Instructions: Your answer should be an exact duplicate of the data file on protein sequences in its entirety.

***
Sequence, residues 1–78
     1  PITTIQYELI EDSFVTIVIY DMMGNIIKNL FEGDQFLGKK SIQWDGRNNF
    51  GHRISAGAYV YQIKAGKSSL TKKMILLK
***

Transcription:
Sequence, residues 1–78
     1  PITTIQYELI EDSFVTIVIY DMMGNIIKNL FEGDQFLGKK SIQWDGRNNF
    51  GHRISAGAYV YQIKAGKSSL TKKMILLK